By enlisting the help of a pallet racking specialist, you may be able to unlock additional space within your facility, either through the use of a higher density format or by building upwards, and utilising empty headroom. This will not only ensure that everything is stored safely and securely, but also free up space for additional racking or other uses – enabling you to put off an expensive expansion or relocation.
Practices > PPE
In any industry that involves manual labour, it’s easy for employees to become over-reliant on their sense of skill and experience, and take unnecessary risks. Sometimes this means they don’t bother wearing PPE at all, but more often, it means relying on PPE in the event that something goes wrong. People trust that because nothing bad has happened before, it won’t in the future, and that PPE is their insurance against serious injury.
If we were giving a seminar on health & safety, one of the first lessons would be to never rely solely on your equipment. In industry terminology, PPE is an active protection system, like the role a sprinkler plays in a fire. What you want to do is avoid the fire ever happening in the first place, not rely on your ability to run away from it. As we know, you might not always get the chance.
Instead, you should ensure that safety principles and best practices are instilled into all of your employees and site visitors. This comes down partly to training, but also to constant reinforcement through your internal policies and protocols. By holding people to certain expectations, enforcing routines and conducting regular toolbox talks, you can ensure that hazards don’t crop up in the first place. PPE and other safety equipment is a last resort in the event that your policies fail, not a first point of call to protect you from stupid decisions.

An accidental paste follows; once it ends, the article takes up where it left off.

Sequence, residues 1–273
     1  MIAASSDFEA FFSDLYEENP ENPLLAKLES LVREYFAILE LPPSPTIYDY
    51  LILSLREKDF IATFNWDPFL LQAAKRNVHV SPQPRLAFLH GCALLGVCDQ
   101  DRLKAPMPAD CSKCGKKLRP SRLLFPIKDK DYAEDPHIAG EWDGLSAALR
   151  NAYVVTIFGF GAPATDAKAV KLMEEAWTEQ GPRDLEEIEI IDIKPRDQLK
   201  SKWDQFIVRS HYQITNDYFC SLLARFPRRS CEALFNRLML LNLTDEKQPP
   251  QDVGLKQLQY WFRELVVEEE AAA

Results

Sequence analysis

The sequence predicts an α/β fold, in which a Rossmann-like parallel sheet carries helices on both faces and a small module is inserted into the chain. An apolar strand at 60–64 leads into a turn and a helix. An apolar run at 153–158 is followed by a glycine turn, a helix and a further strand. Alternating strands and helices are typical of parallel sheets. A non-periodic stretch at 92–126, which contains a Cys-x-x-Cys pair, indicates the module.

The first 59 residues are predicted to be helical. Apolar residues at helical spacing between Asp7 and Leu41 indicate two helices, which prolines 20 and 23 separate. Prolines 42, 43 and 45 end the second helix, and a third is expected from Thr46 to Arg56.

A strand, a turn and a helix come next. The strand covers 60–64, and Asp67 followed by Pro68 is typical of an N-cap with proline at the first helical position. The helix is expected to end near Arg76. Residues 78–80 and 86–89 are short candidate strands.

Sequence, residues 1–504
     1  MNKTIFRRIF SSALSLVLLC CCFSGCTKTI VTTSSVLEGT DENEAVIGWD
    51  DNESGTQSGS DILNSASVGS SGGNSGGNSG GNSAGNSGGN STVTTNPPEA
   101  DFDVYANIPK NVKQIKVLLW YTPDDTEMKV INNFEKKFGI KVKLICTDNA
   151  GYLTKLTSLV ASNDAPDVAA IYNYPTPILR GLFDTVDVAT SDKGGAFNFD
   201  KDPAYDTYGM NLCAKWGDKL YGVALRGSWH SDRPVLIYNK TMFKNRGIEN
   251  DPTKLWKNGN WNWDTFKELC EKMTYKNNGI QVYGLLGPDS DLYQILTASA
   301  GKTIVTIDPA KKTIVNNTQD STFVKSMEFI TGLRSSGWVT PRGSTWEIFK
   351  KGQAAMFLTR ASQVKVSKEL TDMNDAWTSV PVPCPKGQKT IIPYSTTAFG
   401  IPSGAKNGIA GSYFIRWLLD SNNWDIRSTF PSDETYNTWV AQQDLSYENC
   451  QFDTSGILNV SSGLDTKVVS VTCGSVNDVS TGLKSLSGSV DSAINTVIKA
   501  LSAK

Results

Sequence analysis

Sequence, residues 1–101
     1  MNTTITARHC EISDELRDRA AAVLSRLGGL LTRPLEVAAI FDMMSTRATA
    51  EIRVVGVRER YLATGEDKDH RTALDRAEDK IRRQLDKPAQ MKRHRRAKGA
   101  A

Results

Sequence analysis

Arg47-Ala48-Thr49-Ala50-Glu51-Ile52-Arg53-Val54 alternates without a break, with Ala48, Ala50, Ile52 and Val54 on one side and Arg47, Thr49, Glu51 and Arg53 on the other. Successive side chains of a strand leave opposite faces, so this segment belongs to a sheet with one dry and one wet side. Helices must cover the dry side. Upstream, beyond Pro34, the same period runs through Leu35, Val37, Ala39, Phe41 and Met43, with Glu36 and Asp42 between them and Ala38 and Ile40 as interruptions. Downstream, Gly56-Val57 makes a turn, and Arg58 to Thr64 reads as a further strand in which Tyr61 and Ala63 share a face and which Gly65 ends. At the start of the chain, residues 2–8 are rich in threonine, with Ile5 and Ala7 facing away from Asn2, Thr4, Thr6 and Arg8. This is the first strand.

One of the most common causes of accidents in a warehouse environment is vehicle collisions, due either to a lack of training on the part of the operator, poor warehouse design, or a lack of awareness among pedestrians. The high speed, high pressure environment of logistics can also contribute to these risks, however, making it paramount that everyone has a full understanding of the hazards posed by indoor vehicles, and the best ways to prevent them.
By training as many employees as possible to operate forklifts and other vehicles, you can kill several birds with one stone. By giving all of your employees a better understanding of the vehicles – what their speed is, how they move and operate etc – they can act more appropriately around them, potentially reducing their likelihood of injury. But they will also gain valuable skills that could help them to fill future shortages, and gain a renewed appreciation for the business – potentially increasing their happiness and productivity.
First aid training also a fantastic skill to have, and something you can easily extend to a wide range of employees. While traditional First Aid and Emergency First Aid at Work courses are ideal, you may also wish to consider investing in First Aid for Mental Health training. 1 in 100 adults in the UK now possess some kind of mental health training, allowing them to spot issues with co-workers and offer support. Safety is as much about mental health as physical health, and the two often go hand in hand.